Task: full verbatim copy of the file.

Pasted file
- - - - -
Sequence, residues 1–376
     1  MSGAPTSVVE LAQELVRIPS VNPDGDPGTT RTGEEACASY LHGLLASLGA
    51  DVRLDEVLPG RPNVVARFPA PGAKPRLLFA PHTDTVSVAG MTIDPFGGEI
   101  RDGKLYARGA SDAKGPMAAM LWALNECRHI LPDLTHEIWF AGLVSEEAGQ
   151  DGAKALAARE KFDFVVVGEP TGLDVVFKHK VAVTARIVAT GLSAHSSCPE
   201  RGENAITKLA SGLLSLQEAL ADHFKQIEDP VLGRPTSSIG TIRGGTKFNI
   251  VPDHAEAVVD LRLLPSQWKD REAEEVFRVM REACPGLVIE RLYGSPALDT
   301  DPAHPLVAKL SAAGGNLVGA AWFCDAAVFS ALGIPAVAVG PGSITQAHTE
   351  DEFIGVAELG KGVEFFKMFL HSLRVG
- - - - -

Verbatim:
Sequence, residues 1–376
     1  MSGAPTSVVE LAQELVRIPS VNPDGDPGTT RTGEEACASY LHGLLASLGA
    51  DVRLDEVLPG RPNVVARFPA PGAKPRLLFA PHTDTVSVAG MTIDPFGGEI
   101  RDGKLYARGA SDAKGPMAAM LWALNECRHI LPDLTHEIWF AGLVSEEAGQ
   151  DGAKALAARE KFDFVVVGEP TGLDVVFKHK VAVTARIVAT GLSAHSSCPE
   201  RGENAITKLA SGLLSLQEAL ADHFKQIEDP VLGRPTSSIG TIRGGTKFNI
   251  VPDHAEAVVD LRLLPSQWKD REAEEVFRVM REACPGLVIE RLYGSPALDT
   301  DPAHPLVAKL SAAGGNLVGA AWFCDAAVFS ALGIPAVAVG PGSITQAHTE
   351  DEFIGVAELG KGVEFFKMFL HSLRVG